Published in the Fort Collins Coloradoan on June 21, 2018
In a recent guest column, Fort Collins Area Chamber of Commerce President and CEO David May criticized the 100% renewable electricity resolution that Fort Collins Partners for Clean Energy (FCP4CE) submitted to City Council in early May. He made the bizarre claim that achieving 100% renewable electricity by 2030 wouldn’t really be sustainable.
May referred to the U.N. World Commission on Environment and Development definition of sustainable development to make his case. That definition is based on three “pillars”: economic development, social development and environmental protection. Without acknowledging how or why 100% renewable electricity would help protect the environment, May alleged that 100% renewables would undercut social development and economic development. Both of these allegations are specious.
According to May, 100% renewable electricity would harm social development because “unsubsidized renewables are expensive,” and high electric rates would fall heavily “on the low-income population.” In the real world, both renewables and fossil fuels are subsidized – the latter more heavily than the former. And the costs of renewables continue to drop precipitously, unlike those of fossil fuels. The Platte River Power Authority (PRPA) has stated that its plan to increase renewable generating capacity significantly would actually result in a rate decrease of 2.5 – 5%. So much for May’s claim that renewable electricity is expensive compared to fossil fuel electricity – that’s simply no longer true.
May’s claim that renewable electricity would harm economic development is based on the false notion that renewables make the electric grid unreliable, on top of his false claim that renewables are expensive. The Platte River Power Authority released a study last fall showing how it could provide “Zero Net Carbon” (ZNC) electricity to its owner communities by 2030. Nothing in that analysis suggested that ZNC electricity would be any less reliable than electricity generated under a business-as-usual scenario. In the PRPA study, intermittent wind and solar power would be backed up by hydroelectricity, the regional grid, and a new gas-fired power plant. Batteries, thermal storage, and pumped hydroelectricity are other ways to compensate for the intermittency of wind and solar generation. So much for May’s claim that renewable electricity is unreliable.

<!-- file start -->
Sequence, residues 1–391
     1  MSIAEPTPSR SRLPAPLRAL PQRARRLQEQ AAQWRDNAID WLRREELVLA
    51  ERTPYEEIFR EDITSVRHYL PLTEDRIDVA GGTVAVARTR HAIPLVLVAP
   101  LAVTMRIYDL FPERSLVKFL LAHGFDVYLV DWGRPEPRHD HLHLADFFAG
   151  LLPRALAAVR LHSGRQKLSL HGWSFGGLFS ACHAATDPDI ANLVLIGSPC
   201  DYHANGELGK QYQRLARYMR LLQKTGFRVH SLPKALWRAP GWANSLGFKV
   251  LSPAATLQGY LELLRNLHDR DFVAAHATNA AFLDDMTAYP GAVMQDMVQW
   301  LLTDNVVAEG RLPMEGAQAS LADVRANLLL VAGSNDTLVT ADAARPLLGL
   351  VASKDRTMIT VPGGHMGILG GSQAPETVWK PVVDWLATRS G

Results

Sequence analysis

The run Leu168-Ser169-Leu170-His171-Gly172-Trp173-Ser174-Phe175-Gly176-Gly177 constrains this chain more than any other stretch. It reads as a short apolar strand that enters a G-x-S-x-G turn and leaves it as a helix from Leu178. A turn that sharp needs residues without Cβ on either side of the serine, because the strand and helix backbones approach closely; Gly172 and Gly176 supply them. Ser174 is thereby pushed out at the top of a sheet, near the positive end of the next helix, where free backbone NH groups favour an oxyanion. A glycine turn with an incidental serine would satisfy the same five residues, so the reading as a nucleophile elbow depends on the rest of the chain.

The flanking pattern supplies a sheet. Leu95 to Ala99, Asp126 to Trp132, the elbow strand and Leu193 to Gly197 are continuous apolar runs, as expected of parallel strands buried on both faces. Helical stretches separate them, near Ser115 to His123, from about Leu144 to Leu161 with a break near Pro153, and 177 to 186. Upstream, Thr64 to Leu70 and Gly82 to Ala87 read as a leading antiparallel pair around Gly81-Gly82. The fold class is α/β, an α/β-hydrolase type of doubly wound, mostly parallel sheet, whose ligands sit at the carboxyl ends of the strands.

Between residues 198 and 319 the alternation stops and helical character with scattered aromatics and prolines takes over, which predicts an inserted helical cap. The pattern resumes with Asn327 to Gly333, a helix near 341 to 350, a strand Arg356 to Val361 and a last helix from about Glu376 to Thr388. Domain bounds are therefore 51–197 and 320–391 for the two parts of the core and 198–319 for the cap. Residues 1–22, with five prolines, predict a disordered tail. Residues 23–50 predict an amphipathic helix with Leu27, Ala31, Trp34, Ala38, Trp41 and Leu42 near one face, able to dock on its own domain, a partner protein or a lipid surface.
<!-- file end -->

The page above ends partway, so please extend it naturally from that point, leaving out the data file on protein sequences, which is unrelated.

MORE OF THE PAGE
Missing from May’s critique is any mention of either climate change or the greenhouse gas emissions reduction goals contained in the City’s Climate Action Plan. Unlike either the Fort Collins Area Chamber of Commerce or the U.S. Chamber of Commerce, FCP4CE recognizes that climate change poses an existential threat to human civilization. We further recognize that that threat must be met with decisive efforts to reduce our greenhouse gas emissions and to adapt to those climate impacts that can no longer be avoided.
We believe that many Fort Collins businesses purportedly represented by David May share our concerns. Those concerns are manifested by high participation in the City’s ClimateWise program, and the interest expressed by many employers – including Anheuser-Busch, Hewlett Packard, Walmart, and Schneider Electric – in obtaining 100% of their electricity from renewables by 2030 or sooner. We call on those businesses that do not subscribe to May’s benighted views concerning renewable electricity and the climate crisis to express their concerns directly both to him and Fort Collins City Councilmembers at CityLeaders@fcgov.com. If not you, who, and if not now, when?
Kevin Cross is the convener of the Fort Collins Sustainability Group (FCSG), which is a member of FCP4CE. For a more in-depth critique of May’s position on our 100% renewable electricity resolution, visit FCSG’s website: http://fcsg.fccan.org.